6. Travel blogging alone does not make a lot money
Let me start by saying the term “a lot of money” is extremely subjective. We have an infant and toddler, so our needs are quite different from someone who does not have household expenses or is living in an inexpensive country like Thailand, Nicaragua or India.
In our experience, travel blogging alone does not yield a sustainable income, especially with two young kids. Sure, it subsidizes our travel expenses and gives us the ‘extras’ in life, but in order to earn a decent income, one must go beyond the blog and do other projects like freelance writing, selling ebooks, consulting, SEO, web development, etc.
The blog, therefore, should be treated as a marketing vehicle used to promote other income generating initiatives.
Now, that’s not to say the travel blogging landscape won’t change in the future – it most certainly will. It has evolved significantly over the past 5 years and we believe that sustainable sponsorship and income opportunities will continue to materialize. The operative word being sustainable.
That said, most travel bloggers don’t blog for the money anyways…
7. Making travel videos is much harder than it looks
Producing travel videos has been a humbling experience. We’ve tried hard to improve our camera presence and editing skills, but we’re still a long way from where we’d like to be.
To be fair, we haven’t given video the attention it deserves. It’s difficult capturing footage with us talking on camera when we’re chasing after a toddler and carrying an infant in the other arm. We’re not giving up, but it’s become very clear that mastering video is much harder than it looks.
The good news is that if you continually work on your craft, good things will happen.
I remember when our friend and fellow travel blogger Mark Wiens shifted his focus to video a few years ago. His videos were good back then, but nothing like what he produces today (he’s crushing it now!). His commitment to making awesome videos has paid off for him – big time. He now has over 43,000 YouTube subscribers and his videos get 100,000’s of views. Check him out if you’re a fan of food travel.
8. You must travel to maintain a great travel blog
Our website traffic and social shares consistently rise and fall with our travels. When traveling, we see our website metrics almost double. Obviously a big part of this is because we produce more content and share more photos when we’ve been traveling.
But there’s more to this statement than numbers.
When we travel, we find ourselves more creative and motivated to write. We see things with greater vision, we listen with greater attention. We search for stories that we think our audience will find interesting.
Generally speaking, most people that read travel blogs are looking for a quick escape from their current environment. They want to be introduced to a new destination or reminded of an old favourite. They want to learn about a fun activity or discover an interesting attraction. They want photos, they want video, they want narrative.
There’s nothing wrong with sharing old stories from past trips, but you must continue to travel so you’re content is fresh and relevant.
Now, this does not mean that one must travel around the globe for a year to stay interesting. Weekend escapes and jaunts to popular vacation destinations are just as meaningful – there’s an audience for all travel styles – but travel you must!
9. The competition keeps getting better
The travel blogging scene was very different 5 years ago. Back then, travel companies and tourism boards were hesitant to work with travel bloggers. The general vibe was “we know we need to work with bloggers and embrace new media, but we want to see how things develop before we invest“.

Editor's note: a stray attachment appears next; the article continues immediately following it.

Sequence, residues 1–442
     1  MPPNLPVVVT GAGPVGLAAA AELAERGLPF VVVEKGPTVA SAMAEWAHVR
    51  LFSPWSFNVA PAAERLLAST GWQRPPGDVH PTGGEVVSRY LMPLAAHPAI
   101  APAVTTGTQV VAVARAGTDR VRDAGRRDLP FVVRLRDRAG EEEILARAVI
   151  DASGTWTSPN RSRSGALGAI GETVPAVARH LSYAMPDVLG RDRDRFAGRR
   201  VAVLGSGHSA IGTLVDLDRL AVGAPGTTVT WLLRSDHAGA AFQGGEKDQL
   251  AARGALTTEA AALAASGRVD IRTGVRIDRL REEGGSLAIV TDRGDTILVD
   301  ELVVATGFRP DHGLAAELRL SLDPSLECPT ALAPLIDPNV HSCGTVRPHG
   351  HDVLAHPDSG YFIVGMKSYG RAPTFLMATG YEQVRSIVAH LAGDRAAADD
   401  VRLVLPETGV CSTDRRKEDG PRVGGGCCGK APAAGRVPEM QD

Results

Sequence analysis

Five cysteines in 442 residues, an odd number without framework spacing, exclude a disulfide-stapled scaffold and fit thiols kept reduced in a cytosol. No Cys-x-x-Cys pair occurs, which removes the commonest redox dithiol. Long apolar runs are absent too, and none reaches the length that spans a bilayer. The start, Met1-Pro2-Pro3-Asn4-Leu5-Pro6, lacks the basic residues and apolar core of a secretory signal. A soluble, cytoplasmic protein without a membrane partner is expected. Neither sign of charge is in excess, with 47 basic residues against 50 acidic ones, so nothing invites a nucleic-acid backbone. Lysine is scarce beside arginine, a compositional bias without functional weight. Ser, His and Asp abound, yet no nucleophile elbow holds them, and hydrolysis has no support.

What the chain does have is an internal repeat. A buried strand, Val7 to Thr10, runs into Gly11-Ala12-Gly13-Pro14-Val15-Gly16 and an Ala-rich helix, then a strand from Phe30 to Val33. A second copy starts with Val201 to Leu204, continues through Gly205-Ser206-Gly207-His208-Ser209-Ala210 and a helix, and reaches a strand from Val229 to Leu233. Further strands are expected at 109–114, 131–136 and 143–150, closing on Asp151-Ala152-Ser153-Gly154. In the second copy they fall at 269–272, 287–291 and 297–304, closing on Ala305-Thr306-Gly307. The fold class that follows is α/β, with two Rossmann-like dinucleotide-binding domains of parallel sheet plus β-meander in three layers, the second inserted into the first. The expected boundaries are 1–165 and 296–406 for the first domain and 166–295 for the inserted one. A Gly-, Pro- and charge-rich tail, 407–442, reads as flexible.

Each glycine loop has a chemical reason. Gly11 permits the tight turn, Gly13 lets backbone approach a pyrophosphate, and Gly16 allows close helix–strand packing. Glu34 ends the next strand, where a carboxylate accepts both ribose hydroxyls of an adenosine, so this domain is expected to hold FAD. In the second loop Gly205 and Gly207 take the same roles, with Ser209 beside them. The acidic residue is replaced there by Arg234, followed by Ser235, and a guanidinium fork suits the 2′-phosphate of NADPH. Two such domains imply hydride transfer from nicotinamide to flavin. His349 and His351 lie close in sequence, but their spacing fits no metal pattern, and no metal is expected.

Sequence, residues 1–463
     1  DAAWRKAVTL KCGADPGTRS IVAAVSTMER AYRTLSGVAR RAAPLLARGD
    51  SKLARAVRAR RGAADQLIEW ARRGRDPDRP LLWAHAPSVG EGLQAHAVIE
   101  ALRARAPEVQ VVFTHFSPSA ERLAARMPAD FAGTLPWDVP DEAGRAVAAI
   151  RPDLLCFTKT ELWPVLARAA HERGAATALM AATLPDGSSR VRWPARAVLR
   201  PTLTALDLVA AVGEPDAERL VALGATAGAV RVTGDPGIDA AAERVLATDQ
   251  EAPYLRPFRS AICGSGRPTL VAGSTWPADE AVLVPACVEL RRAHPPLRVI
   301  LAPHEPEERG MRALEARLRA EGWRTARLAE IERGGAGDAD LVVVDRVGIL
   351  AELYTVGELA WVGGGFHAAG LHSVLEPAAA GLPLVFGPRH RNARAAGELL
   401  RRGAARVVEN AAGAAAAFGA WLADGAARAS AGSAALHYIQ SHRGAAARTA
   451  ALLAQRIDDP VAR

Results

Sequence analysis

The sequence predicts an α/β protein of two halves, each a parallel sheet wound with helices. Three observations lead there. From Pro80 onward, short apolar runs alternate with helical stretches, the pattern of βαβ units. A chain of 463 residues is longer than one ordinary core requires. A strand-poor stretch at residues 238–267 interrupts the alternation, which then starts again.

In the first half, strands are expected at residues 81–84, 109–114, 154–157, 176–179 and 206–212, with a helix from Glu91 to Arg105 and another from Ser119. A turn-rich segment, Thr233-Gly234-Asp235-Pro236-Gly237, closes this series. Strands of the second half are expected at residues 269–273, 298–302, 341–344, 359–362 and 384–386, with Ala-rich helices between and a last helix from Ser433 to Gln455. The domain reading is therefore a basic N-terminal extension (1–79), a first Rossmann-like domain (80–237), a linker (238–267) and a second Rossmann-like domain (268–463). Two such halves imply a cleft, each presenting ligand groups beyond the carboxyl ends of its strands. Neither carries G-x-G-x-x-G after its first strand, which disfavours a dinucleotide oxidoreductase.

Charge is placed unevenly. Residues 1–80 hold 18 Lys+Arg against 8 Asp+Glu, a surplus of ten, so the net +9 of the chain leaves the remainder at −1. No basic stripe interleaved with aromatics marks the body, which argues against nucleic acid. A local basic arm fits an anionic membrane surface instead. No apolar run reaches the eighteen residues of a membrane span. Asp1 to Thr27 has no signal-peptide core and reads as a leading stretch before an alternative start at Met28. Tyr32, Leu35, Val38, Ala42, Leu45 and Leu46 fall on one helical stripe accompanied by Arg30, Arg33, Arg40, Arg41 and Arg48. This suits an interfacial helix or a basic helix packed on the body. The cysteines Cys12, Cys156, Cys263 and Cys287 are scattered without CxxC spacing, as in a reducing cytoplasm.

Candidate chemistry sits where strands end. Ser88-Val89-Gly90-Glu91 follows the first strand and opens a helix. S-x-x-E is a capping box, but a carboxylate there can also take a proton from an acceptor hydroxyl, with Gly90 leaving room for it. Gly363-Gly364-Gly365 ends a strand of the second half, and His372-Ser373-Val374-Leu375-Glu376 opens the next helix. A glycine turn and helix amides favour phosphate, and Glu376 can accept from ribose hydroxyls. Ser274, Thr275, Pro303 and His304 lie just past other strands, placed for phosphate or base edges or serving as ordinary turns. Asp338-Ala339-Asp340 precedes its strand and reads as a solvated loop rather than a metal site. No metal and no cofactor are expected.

Fortunately, innovative leaders like G Adventures and Expedia took a chance and embraced travel bloggers, which has helped other brands and organizations see value in partnering with new media. Annual events like Travel Blog Exchange (TBEX) have also helped bridge the gap between publishers and brands, creating an environment for both sides to connect and collaborate .
Fast forward to 2014 and the landscape has dramatically changed. The number of active travel blogs has exploded in the past few years and this next generation is kicking ass.
Travel blogging is now viewed by many as a viable career path, which has forced everyone to step up their game.
10. If you want something, ask for it
This applies to most things in life. If you don’t ask, there’s a really good chance you won’t get what you want. You’ll be surprised at how willing people are to work with you and help you achieve your goals.
Before every trip we take, we do our homework and pitch companies we think are a good fit. We look for sponsorship opportunities and creative ways to subsidize our travel expenses. Then, we simply ask for what we want.
When we wanted to work with a Canadian travel rewards company, we contacted Aeroplan and pitched our vision for the partnership. We’ve been working with Aeroplan for over a year now and will continue to do so for the remainder of this year. This relationship would never have happened if we didn’t ask.
Of course, we get a lot of rejection too. It comes with the territory. But, when we don’t get the answer we want, we ask our peers and social network for new contacts. Persistence is essential.
11. We ARE lucky
When we first started blogging, one of the things we hated hearing was “you guys are so lucky to be able to travel as much as you do”. It was like finger nails on a chalkboard.
We have made significant sacrifices for our lifestyle. We have invested thousands of hours into this blog and traveled down the path of uncertainty many times, ‘how dare you say that our hard work and sacrifice was based on luck!’. We defiantly argued that our achievements were not based on luck – they were achieved because of our commitment, focus and hard work.
But we’ve learned that we were wrong – we ARE very lucky.
We are lucky to have been born and raised in the free world. We are lucky to have supportive parents, family and friends. We are lucky that we received a good education, that we can read and write. We are lucky to have a passport and are privileged to be able to travel.
Yes, we are lucky, and that’s something to be proud of.
Thanks again for your support over the past 5 years!
We are very thankful and happy that you’re on this journey with us.
Do you have a travel blog? What have you learned from the experience?
Share your thoughts in the comments section below.